That said, they’re not out of the woods yet; with much of the season left to play, the Knicks are devoid of any meaningful offensive weapons. Additionally, the roster features a number of high-quality veterans whose deals are set to expire, the kind of players that contenders like to fill out their rotations with down the stretch, so the roster could look much different at the end of the year than it does now.
So, the Knicks are expected to be active on the trade front, again – no surprise there. But this year could be among the last in which the Knicks are sellers at the deadline. And, while moving some of those veterans for future assets is smart, the Knicks may also want to look at players they can add to bolster that future further.
Of course, New York shouldn’t go all-in for Bradley Beal — they’re not there yet — but there are a number of restricted free agents to-be that would fit both their roster and timeline nicely.
But why give away assets to acquire someone that the team could sign outright in just a few months? It may sound counterintuitive to add a player that’s about to hit free agency, restricted or otherwise, but procuring that player’s Bird rights, an exception in the NBA’s Collective Bargaining Agreement that allows teams to go over the salary cap to re-sign their own players (not to mention offer them an extra contract year and bigger raises), can be key to securing a player’s services and building a long-term contender.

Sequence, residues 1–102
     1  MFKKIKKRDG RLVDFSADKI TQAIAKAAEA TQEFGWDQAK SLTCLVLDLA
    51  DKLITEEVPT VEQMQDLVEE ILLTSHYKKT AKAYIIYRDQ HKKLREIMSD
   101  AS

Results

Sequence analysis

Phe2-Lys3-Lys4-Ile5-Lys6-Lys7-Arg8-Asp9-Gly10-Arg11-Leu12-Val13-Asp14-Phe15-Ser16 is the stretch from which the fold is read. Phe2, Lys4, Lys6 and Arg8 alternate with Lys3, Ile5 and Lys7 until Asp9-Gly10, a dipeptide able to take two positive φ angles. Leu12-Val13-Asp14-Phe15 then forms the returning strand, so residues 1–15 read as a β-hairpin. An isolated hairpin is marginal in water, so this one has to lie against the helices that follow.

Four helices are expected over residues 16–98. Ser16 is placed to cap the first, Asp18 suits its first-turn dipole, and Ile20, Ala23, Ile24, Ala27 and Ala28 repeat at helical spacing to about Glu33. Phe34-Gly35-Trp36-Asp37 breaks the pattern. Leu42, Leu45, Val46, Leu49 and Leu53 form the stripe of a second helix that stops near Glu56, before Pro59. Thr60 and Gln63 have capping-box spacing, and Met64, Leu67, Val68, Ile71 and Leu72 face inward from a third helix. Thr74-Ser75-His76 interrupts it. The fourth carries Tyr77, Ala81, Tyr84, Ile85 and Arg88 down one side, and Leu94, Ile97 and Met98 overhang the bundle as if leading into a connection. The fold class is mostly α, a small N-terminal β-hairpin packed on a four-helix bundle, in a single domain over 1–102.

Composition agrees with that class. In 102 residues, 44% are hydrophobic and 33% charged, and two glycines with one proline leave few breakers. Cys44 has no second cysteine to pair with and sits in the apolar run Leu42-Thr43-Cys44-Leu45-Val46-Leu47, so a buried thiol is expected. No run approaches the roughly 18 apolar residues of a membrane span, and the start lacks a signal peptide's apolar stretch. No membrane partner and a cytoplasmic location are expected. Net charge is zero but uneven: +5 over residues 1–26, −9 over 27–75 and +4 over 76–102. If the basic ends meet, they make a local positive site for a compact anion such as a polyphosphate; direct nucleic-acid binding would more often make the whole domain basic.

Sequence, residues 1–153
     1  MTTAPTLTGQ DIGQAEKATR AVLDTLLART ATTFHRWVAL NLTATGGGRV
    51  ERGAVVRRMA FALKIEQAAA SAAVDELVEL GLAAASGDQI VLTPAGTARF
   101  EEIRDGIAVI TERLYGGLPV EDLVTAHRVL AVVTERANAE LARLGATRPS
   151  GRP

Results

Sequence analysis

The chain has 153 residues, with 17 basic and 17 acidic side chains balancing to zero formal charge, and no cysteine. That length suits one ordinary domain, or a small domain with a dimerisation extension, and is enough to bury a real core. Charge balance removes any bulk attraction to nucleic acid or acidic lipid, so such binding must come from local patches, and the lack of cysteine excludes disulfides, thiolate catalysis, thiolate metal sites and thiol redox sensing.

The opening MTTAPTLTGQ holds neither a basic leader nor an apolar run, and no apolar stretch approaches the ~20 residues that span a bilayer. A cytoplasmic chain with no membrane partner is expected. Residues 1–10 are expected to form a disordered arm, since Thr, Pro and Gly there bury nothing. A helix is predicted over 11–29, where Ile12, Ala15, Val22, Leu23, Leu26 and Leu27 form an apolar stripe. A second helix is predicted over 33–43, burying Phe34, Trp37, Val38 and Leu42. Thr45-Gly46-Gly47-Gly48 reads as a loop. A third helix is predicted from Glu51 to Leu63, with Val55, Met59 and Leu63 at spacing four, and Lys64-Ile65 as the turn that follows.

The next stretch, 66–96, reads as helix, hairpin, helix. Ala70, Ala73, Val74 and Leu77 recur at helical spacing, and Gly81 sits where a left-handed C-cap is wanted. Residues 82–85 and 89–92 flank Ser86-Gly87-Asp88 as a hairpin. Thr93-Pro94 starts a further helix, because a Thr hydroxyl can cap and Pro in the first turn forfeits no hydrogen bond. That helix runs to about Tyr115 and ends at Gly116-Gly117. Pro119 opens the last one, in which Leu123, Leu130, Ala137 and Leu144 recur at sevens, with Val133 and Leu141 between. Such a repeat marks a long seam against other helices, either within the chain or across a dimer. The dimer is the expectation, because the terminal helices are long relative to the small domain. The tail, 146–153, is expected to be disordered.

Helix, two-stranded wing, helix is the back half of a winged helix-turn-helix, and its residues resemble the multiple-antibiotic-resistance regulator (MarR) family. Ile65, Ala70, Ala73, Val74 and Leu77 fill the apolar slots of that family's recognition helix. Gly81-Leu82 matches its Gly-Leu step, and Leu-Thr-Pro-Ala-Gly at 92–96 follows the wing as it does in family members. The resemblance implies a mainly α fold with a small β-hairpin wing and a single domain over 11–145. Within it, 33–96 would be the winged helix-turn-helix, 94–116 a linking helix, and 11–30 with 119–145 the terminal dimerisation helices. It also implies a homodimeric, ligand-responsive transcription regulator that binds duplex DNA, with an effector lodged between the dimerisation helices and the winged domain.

Further, the 2021 free agent market isn’t might not live up to expectation, with many presumed free agents already agreed to extensions. So, with that in mind, which players should the Knicks pursue via trade prior to the March 25 trade deadline?
John Collins, Atlanta Hawks
Collins’ production is down this season, but that has nothing to do with his ability. A 23-year-old stretch-four who’s shooting 35% on three-point attempts, Collins is big, athletic, can score the ball (16.7 points per game this season) and is a great rebounder (7.5 per game). He also connects on 80% of his free-throw attempts.